Steve Yager photo.

Bighorn Sheep

Sierra Nevada Bighorn Sheep

Sierra Nevada bighorn sheep are an iconic species of this mountain range and a symbol of its wild ruggedness. They are an endangered subspecies of bighorn sheep, genetically separate from the Desert bighorn sheep found in the White Mountains across the Owens Valley. Since becoming fully protected by state and federal laws in 1999, their small but healthy population has extended along the Sierra crest from Olancha Peak north to Yosemite National Park and as far west as the Great Western Divide. A lucky visitor may encounter this awe-inspiring animal during a visit to Pine Creek Canyon where they are well adapted to the steep, granitic environment. With sturdy legs, incredible balance and adhesive hooves, their climbing abilities and mountain fitness will put any eastside climber to shame! 

The sheep in Pine Creek Canyon make up the Wheeler Ridge Herd Unit. With approximately 100 animals it is one of the largest herds in the population. The boundary of this herd unit extends from Mount Tom north to Rock Creek and from Wheeler Ridge west to Bear Lakes Basin. Pine Creek Canyon is the heart of this habitat; the steep granite cliffs we all love to climb allow bighorn to escape from predators and provide a safe place for ewes to birth and rear their lambs in the spring. The canyon acts as migration corridor linking the high elevation summer range with the low elevation winter range. During the hot summer months, sheep spend their time high on mountain slopes near the crest where you are unlikely to catch sight of them while in the canyon. As winter progresses in the Sierra, bighorn move down to lower elevation where the weather is less extreme and forage is more plentiful. This elevational migration is necessary for bighorn to acquire the nutrition they need to survive and thrive.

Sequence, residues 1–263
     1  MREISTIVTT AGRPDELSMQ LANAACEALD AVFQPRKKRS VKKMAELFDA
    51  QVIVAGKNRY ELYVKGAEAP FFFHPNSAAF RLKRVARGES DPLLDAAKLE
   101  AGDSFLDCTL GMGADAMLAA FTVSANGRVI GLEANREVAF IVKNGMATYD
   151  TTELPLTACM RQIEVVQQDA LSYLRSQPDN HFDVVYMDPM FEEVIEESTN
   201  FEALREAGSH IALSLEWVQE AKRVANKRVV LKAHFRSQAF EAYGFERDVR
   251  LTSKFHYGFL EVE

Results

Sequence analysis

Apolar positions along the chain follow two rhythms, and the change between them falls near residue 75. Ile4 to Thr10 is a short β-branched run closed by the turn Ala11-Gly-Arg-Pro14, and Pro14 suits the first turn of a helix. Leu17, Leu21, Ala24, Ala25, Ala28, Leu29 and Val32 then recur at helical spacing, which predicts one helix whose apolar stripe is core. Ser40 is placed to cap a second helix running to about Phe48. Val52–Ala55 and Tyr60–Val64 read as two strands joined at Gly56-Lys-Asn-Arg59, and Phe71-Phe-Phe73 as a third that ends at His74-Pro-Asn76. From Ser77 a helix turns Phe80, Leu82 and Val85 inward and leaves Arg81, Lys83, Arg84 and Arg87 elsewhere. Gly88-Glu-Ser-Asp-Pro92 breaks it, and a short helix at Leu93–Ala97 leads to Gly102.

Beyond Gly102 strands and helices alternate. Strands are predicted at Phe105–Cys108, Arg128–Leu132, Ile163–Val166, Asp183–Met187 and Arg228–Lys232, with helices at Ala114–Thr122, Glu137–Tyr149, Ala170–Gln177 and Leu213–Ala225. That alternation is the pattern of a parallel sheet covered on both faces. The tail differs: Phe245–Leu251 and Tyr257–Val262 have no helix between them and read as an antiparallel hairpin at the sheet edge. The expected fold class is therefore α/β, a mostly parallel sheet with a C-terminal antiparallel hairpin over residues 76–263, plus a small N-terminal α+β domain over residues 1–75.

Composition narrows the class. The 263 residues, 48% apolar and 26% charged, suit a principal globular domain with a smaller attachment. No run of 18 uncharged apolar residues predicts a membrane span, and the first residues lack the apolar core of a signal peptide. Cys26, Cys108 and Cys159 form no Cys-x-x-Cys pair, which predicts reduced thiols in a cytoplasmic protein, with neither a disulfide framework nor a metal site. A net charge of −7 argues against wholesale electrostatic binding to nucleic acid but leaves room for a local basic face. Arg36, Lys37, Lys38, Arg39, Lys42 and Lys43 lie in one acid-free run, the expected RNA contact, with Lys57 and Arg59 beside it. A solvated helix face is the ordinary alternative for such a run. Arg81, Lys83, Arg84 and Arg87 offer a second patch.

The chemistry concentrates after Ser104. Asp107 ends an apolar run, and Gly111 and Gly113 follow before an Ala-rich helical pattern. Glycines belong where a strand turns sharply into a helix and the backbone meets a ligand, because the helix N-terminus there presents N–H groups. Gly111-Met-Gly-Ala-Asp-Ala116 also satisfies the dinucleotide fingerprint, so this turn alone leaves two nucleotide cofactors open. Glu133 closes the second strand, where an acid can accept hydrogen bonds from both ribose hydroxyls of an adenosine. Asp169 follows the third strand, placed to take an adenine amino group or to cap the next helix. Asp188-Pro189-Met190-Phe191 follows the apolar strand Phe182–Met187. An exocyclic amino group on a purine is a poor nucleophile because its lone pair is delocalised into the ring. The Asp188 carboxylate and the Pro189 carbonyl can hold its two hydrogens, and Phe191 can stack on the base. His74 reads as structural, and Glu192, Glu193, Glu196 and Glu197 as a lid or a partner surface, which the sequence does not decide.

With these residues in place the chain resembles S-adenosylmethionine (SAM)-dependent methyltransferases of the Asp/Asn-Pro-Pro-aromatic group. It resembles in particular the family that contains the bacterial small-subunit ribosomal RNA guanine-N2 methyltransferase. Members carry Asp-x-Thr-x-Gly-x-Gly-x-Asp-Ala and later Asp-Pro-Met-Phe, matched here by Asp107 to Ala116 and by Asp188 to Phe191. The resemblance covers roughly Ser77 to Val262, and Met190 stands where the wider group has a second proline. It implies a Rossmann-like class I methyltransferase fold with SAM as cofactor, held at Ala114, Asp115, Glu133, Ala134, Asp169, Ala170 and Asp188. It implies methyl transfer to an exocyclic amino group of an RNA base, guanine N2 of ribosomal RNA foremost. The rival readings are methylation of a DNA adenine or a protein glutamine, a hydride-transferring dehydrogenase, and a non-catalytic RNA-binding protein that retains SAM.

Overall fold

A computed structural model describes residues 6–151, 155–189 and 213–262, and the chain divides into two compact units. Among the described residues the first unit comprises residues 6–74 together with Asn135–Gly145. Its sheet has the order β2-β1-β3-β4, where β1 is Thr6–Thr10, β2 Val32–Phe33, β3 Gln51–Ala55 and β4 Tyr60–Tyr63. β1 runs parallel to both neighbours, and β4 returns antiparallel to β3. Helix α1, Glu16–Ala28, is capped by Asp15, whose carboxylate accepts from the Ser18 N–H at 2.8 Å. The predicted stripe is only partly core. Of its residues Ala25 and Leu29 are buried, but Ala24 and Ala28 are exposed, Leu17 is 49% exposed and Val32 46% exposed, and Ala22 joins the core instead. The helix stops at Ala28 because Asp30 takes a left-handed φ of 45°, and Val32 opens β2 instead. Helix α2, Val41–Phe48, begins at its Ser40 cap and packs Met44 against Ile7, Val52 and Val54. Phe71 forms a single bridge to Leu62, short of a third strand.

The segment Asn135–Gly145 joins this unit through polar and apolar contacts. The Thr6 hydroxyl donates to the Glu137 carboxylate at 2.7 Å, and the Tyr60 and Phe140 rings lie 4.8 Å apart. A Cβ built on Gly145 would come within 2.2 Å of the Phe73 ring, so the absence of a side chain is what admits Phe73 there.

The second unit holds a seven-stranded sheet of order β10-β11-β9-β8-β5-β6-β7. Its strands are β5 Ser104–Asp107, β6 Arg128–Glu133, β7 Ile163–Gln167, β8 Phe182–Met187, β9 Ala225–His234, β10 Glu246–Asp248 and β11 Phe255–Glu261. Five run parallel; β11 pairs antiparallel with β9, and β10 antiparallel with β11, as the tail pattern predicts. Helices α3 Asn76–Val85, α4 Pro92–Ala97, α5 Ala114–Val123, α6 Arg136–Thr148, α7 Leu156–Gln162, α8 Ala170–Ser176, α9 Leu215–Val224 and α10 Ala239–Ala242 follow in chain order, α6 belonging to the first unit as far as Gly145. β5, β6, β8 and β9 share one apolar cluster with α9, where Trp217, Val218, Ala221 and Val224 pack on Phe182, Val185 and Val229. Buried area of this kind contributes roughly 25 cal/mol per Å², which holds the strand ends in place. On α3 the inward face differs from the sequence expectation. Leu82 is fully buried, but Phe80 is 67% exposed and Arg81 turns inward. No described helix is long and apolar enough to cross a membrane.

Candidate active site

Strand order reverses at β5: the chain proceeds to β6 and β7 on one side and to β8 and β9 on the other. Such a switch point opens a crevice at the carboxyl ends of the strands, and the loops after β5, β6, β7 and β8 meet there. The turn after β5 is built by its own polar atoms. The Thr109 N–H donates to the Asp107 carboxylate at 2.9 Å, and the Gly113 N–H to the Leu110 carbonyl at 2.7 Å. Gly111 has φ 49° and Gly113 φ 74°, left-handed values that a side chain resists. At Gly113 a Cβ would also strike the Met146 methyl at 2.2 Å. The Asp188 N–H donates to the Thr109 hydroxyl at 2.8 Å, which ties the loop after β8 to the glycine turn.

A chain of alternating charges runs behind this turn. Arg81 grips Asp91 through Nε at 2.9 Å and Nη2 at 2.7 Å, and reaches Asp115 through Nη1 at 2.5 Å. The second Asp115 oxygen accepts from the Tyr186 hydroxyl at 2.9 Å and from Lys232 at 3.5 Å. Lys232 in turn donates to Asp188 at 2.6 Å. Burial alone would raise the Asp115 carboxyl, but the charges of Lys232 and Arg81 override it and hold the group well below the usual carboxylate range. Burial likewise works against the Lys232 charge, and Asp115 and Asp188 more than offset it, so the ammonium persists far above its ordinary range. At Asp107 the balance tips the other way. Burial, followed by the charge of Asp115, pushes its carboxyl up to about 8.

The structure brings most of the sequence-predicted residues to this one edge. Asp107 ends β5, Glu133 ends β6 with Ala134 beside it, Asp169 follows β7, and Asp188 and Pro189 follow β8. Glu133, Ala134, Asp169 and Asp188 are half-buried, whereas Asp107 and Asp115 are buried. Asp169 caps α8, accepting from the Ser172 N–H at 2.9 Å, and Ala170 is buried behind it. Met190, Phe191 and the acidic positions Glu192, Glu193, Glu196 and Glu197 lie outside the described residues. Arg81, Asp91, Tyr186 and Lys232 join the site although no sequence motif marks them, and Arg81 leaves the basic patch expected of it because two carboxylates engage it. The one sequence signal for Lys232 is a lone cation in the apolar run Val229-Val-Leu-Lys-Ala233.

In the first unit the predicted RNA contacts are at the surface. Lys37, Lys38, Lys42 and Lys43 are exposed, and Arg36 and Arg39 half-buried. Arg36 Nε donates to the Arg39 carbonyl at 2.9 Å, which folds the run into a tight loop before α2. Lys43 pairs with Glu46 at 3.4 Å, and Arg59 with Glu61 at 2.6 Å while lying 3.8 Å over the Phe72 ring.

Climbing in Pine Creek canyon provides the unique occasion to view Sierra bighorn. We encourage you to bring a pair of binoculars to keep an eye out for them; however, it is important for us to remember that they are the locals at this crag. It is our obligation as responsible climbers to respect them and their habitat. While there are currently no restrictions on climbing in bighorn habitat, climbers should maintain good ethics and mindfulness in order to protect future climbing access in Pine Creek Canyon. 

Good climbing stewardship is paramount to reducing our impact on the Wheeler herd. Please keep adequate distance to avoid spooking them. If a sheep is reacting to your presence—you’re too close. Do your best to limit loud noises that could echo through the canyon, and maintain full control of your pets at all times. And finally, between mid-April and June, please make an attempt to avoid climbing in or around sensitive lambing areas on the 1.5 miles of cliff line between Pratt’s Crack gulley and the Mill. 

Climbers and bighorn share a love of steep and airy precipices. A symbiotic relationship is possible; we can continue to explore Pine Creek’s granite lines while bighorn migrate seasonally, birth their lambs and thrive. This simply requires that we do our diligence as responsible climbers to respect these endangered animals because these high-ranking mountaineers deserve our reverence and admiration.

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